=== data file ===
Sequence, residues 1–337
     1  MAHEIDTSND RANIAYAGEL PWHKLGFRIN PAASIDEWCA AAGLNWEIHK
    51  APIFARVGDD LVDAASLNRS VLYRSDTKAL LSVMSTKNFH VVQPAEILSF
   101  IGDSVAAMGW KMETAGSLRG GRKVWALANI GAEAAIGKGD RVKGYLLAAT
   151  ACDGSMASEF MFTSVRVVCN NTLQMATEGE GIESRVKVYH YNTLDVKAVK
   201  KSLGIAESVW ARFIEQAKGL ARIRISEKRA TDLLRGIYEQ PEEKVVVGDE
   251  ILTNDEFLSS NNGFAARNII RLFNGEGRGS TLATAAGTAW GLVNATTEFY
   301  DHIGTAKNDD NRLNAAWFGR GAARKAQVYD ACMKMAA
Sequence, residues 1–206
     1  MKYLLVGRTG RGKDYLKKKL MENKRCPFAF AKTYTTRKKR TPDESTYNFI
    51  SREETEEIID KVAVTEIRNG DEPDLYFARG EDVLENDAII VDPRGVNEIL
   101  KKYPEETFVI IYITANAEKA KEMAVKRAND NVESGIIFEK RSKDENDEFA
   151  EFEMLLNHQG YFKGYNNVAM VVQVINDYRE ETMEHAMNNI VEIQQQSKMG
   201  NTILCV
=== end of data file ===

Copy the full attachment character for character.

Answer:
Sequence, residues 1–337
     1  MAHEIDTSND RANIAYAGEL PWHKLGFRIN PAASIDEWCA AAGLNWEIHK
    51  APIFARVGDD LVDAASLNRS VLYRSDTKAL LSVMSTKNFH VVQPAEILSF
   101  IGDSVAAMGW KMETAGSLRG GRKVWALANI GAEAAIGKGD RVKGYLLAAT
   151  ACDGSMASEF MFTSVRVVCN NTLQMATEGE GIESRVKVYH YNTLDVKAVK
   201  KSLGIAESVW ARFIEQAKGL ARIRISEKRA TDLLRGIYEQ PEEKVVVGDE
   251  ILTNDEFLSS NNGFAARNII RLFNGEGRGS TLATAAGTAW GLVNATTEFY
   301  DHIGTAKNDD NRLNAAWFGR GAARKAQVYD ACMKMAA
Sequence, residues 1–206
     1  MKYLLVGRTG RGKDYLKKKL MENKRCPFAF AKTYTTRKKR TPDESTYNFI
    51  SREETEEIID KVAVTEIRNG DEPDLYFARG EDVLENDAII VDPRGVNEIL
   101  KKYPEETFVI IYITANAEKA KEMAVKRAND NVESGIIFEK RSKDENDEFA
   151  EFEMLLNHQG YFKGYNNVAM VVQVINDYRE ETMEHAMNNI VEIQQQSKMG
   201  NTILCV